Finally, at oral argument, counsel for petitioner informed the court that subsequent to the decision of the district court the Board of Review had denied petitioner's appeal. Further review by the Court of Military Appeals is discretionary unless the Navy Judge Advocate General orders an appeal, 10 U.S.C. § 867(b), a procedure he has refused to adopt in this case. Petitioner, relying on the rule that state prisoners need not petition the United States Supreme Court for certiorari before seeking habeas corpus, Fay v. Noia, supra, 372 U. S. at 435-438, 83 S.Ct. 822, argues that he need only exhaust his remedies as of right. The analogy is not, however, apt. The United States Supreme Court, not being a state court, the opportunity for such review is not necessary to insure the kind of orderly administration of state law which the exhaustion doctrine was meant to protect. Moreover, because the Supreme Court of necessity rarely grants review, the requirement that state prisoners apply for certiorari proved in practice to be a futile and time consuming obstacle to relief. Fay v. Noia, supra at 437, 83 S.Ct. 822. No such showing has been made in this case.
Petitioner also relies on Decoster v. Madigan, 223 F.2d 906 (7th Cir.1955), which held that failure to raise an issue before the Court of Military Appeals did not bar subsequent resort to the civilian courts. In Decoster, however, the period for appeal to the Court of Military Appeals had already run, so that no further military remedies were available at the time when relief was sought in the civilian courts. Fay v. Noia, supra, 372 U.S. at 426-435, 83 S.Ct. 822. In this case, however, petitioner may still file for review. Indeed, petitioner's counsel informs us that petitioner has already executed the necessary papers. The fact that the Court of Military Appeals retains some control over its own docket should not excuse this step, especially since petitioner's appeal may raise questions of military practice as well as constitutional law.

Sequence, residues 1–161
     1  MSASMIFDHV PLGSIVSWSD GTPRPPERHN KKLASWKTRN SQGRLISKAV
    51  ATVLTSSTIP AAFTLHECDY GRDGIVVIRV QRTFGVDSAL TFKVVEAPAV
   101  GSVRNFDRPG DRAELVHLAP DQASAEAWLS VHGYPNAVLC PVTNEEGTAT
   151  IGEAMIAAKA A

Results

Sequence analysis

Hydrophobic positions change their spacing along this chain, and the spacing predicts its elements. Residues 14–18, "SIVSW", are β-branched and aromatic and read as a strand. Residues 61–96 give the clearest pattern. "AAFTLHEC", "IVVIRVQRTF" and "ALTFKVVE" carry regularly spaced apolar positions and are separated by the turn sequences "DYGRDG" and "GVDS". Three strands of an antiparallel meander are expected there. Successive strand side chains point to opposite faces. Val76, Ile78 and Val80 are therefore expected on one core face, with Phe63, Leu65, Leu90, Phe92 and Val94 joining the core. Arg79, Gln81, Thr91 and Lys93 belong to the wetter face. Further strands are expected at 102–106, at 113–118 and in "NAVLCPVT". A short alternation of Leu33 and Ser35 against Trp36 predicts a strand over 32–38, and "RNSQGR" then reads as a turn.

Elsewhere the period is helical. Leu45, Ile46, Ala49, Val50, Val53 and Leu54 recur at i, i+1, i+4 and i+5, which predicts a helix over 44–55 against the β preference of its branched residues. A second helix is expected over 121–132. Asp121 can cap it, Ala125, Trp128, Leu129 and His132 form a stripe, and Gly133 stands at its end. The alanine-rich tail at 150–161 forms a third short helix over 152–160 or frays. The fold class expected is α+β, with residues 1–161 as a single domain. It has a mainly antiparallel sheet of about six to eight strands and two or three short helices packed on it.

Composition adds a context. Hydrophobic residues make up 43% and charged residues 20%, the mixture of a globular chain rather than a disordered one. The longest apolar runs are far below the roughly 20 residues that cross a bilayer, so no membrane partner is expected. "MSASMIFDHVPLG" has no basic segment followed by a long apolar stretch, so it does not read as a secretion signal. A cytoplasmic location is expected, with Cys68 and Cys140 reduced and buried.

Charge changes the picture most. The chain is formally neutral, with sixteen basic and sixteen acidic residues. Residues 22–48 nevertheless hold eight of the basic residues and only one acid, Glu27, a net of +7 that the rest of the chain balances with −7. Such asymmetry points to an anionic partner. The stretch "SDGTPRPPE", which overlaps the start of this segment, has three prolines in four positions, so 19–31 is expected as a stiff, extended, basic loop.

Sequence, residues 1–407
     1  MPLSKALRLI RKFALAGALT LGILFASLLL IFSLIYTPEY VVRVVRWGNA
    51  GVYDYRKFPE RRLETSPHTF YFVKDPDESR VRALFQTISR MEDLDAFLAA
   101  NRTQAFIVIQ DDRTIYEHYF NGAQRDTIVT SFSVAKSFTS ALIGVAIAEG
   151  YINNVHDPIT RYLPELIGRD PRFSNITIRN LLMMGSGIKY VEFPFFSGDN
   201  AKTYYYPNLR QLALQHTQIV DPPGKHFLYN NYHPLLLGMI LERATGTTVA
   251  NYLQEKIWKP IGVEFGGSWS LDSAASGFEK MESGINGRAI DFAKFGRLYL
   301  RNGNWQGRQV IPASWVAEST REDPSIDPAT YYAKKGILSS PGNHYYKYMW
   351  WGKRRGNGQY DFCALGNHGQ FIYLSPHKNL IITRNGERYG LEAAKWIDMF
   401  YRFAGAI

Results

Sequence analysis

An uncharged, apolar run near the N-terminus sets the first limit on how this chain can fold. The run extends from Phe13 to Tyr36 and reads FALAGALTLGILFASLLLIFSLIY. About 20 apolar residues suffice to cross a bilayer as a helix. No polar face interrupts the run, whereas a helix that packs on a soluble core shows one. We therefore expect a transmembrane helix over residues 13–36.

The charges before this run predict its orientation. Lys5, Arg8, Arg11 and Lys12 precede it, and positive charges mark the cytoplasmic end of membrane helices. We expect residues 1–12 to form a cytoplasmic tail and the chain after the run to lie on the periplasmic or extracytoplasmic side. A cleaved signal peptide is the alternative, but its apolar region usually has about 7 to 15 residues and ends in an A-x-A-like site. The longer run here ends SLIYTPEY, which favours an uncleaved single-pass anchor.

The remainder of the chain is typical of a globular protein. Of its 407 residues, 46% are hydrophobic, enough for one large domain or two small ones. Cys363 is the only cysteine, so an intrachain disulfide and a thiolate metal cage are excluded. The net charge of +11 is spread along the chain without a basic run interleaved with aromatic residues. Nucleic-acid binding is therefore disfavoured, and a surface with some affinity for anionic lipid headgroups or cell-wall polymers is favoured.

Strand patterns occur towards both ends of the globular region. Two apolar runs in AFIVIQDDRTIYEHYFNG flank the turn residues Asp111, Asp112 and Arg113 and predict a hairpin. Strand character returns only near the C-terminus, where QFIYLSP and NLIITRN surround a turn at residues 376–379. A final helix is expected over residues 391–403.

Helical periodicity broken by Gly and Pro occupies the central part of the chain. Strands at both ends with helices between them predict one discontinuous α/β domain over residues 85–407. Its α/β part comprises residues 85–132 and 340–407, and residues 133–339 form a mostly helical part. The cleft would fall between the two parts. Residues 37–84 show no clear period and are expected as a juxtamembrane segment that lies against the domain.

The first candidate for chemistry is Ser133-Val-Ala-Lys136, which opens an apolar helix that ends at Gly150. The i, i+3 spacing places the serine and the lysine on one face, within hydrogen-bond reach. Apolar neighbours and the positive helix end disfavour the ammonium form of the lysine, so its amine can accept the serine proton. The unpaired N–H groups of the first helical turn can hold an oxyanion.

The decision of the District Court dismissing the petition is affirmed without prejudice.